As some of our readers can attest, some disabilities can be more financially draining than others. From numerous visits with doctors to expensive treatments, all of these costs can add up quickly. But in many cases, disabling conditions can force a person out of work, limiting their funds even further and creating a challenging financial situation.
It's because of this fact that a lot of people with disabilities ask about assistance programs that offer cash benefits to people who are unable to work because of their condition. But ask anyone who has ever searched the Internet for these options and they will tell you it can be challenging to get a straightforward answer, especially because every person's situation is different.
That's why, in today's post, we'd like to answer the question we're posing in our post title by looking at a few options people with disabilities in Missouri have.
Social Security Disability Insurance. Frequent visitors to our blog are well aware of the benefits of applying for SSDI benefits. But if you're new to our blog, you may not know that these benefits are offered by the Social Security Administration to people who are disabled, unable to work or are expected to die from their condition. Being awarded these benefits does require application and approval from SSA though.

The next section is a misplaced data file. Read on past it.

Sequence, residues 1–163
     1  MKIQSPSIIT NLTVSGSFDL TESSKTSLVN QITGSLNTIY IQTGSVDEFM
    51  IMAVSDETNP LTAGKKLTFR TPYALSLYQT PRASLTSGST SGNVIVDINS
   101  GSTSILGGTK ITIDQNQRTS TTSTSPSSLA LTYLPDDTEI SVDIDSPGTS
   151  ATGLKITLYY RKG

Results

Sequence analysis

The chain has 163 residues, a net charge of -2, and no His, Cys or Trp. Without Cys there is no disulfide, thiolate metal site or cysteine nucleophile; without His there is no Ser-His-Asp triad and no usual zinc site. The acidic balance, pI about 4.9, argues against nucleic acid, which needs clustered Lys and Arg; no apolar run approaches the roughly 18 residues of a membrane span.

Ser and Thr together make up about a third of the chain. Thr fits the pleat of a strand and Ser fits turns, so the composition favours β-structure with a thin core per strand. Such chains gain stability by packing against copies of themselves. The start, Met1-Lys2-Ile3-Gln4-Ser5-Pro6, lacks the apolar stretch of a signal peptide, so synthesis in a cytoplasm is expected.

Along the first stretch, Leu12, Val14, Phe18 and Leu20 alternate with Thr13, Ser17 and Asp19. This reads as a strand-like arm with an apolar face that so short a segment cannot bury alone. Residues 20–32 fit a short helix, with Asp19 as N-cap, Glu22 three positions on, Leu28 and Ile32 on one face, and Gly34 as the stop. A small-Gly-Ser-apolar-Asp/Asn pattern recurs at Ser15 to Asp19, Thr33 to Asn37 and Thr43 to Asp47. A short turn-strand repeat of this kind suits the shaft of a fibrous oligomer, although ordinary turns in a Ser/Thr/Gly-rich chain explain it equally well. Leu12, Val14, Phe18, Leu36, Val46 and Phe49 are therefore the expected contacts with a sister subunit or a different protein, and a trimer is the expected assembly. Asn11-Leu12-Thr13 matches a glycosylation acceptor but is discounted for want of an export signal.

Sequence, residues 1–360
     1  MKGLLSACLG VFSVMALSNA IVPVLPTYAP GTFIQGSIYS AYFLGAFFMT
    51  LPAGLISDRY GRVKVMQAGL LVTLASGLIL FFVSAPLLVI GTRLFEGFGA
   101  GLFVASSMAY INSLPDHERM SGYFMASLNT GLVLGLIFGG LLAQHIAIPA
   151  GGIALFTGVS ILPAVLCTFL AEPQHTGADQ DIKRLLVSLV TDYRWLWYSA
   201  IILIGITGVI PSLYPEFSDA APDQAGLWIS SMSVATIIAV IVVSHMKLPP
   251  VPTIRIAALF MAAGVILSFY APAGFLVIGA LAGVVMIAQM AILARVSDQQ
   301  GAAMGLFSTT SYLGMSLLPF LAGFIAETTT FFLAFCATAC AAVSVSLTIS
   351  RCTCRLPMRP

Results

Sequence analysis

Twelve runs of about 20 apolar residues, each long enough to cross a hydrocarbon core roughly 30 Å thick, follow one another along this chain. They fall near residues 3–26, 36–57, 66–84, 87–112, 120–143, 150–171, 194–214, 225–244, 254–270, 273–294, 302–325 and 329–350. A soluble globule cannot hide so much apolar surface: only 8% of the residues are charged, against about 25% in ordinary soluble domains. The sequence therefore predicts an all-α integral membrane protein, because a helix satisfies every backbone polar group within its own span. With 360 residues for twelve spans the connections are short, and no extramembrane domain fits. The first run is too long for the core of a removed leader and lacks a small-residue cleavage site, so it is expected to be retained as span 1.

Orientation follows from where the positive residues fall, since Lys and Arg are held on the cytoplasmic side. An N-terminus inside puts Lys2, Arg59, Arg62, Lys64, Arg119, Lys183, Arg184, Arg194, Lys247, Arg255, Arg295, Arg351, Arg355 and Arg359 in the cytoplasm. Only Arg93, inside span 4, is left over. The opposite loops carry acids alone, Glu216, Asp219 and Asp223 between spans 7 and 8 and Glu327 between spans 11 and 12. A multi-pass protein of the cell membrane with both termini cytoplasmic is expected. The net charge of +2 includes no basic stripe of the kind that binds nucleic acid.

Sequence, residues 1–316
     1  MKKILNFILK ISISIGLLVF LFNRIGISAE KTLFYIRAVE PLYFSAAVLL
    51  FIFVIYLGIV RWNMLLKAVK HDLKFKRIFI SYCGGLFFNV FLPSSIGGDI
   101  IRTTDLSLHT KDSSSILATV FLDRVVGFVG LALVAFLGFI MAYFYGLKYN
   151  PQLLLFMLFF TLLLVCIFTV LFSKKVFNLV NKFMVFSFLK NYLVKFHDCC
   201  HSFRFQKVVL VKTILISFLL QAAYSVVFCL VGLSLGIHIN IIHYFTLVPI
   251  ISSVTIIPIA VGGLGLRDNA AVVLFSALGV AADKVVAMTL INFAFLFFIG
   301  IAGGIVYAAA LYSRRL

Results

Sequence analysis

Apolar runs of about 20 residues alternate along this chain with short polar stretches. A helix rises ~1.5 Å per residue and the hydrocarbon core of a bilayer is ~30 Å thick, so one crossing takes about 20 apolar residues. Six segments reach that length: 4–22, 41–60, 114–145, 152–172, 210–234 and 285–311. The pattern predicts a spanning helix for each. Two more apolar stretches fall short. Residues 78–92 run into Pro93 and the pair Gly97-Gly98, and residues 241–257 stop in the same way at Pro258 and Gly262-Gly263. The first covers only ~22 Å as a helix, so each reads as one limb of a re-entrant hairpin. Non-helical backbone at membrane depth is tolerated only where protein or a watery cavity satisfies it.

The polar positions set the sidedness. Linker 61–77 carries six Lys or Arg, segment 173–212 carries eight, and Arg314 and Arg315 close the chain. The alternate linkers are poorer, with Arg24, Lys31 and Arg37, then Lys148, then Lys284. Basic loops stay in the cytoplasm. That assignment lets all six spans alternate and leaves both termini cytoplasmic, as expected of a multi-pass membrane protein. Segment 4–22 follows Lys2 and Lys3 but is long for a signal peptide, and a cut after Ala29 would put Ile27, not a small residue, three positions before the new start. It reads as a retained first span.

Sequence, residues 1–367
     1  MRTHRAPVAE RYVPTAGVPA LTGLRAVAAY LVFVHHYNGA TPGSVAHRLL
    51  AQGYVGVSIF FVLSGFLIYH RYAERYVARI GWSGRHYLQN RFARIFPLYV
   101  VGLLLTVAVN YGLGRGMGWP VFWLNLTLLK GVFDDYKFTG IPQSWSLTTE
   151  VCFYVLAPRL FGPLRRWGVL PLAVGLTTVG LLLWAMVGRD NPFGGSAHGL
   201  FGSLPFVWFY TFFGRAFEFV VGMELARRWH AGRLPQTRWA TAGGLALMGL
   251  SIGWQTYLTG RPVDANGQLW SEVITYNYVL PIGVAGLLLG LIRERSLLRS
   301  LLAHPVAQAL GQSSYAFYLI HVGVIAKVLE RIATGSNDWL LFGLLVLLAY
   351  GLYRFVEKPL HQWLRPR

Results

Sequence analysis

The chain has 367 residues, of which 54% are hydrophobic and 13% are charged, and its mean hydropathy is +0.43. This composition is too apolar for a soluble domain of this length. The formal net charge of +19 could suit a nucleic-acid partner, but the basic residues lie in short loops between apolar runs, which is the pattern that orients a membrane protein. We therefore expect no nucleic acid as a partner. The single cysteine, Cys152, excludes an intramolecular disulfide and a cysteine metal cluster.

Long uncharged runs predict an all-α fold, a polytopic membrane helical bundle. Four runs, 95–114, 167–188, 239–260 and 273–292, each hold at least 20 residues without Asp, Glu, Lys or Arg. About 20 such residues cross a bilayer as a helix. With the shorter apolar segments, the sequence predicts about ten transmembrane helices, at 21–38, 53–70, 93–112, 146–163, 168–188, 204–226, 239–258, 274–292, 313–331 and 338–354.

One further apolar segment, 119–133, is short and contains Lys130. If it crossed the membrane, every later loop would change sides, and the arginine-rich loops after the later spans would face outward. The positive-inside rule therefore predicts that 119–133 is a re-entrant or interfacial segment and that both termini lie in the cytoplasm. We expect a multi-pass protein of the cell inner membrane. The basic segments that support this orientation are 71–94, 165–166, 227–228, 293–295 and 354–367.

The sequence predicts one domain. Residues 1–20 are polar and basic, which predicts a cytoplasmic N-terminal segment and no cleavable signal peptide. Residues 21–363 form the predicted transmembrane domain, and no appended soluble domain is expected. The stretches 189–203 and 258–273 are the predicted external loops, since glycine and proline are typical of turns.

Supplemental Security Income. This is another government benefit we talk about regularly on our blog. Though similar to SSDI, SSI benefits are not contingent upon a work history. An applicant may be approved if they meet the SSA definition of a disability and have a financial need for benefits.
Workers' compensation. Another benefit a person with a disability may receive is workers' compensation, which is a benefit paid to an individual who becomes disabled after suffering a work-related injury or developing an occupational illness. It's important to note, however, that the amount of benefits received from workers' compensation can affect the amount received from SSDI.
Medicare. This is another beneficial program provided by the government that offers coverage for medical expenses. People who are disabled can enroll for these benefits but must meet certain requirements before they are approved to receive them.
Private insurance. Another option for people with disabilities is private insurance. Though policy holders do pay in for these benefits, medical costs are reduced. Private insurance also doesn't disqualify you from receiving SSDI benefits either.
Sources: The Social Security Administration, "Benefits For People With Disabilities," Accessed Aug. 27, 2015
The Social Security Administration, "How Workers' Compensation and Other Disability Payments May Affect Your Benefits," Accessed Aug. 27, 2015
The Social Security Administration, "Disability Planner: Medicare Coverage If You're Disabled," Accessed Aug. 27, 2015